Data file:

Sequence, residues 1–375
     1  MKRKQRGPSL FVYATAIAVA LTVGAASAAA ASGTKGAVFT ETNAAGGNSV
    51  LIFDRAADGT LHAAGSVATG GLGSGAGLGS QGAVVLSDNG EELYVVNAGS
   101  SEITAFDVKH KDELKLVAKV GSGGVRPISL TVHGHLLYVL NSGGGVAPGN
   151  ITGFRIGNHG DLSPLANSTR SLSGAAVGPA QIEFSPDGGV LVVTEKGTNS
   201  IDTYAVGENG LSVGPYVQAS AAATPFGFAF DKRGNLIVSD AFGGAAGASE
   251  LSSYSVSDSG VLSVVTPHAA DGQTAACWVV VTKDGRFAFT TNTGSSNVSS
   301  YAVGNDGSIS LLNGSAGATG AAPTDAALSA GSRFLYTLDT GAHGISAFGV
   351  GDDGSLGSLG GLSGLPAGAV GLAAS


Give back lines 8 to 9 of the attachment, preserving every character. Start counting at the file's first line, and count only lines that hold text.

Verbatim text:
   301  YAVGNDGSIS LLNGSAGATG AAPTDAALSA GSRFLYTLDT GAHGISAFGV
   351  GDDGSLGSLG GLSGLPAGAV GLAAS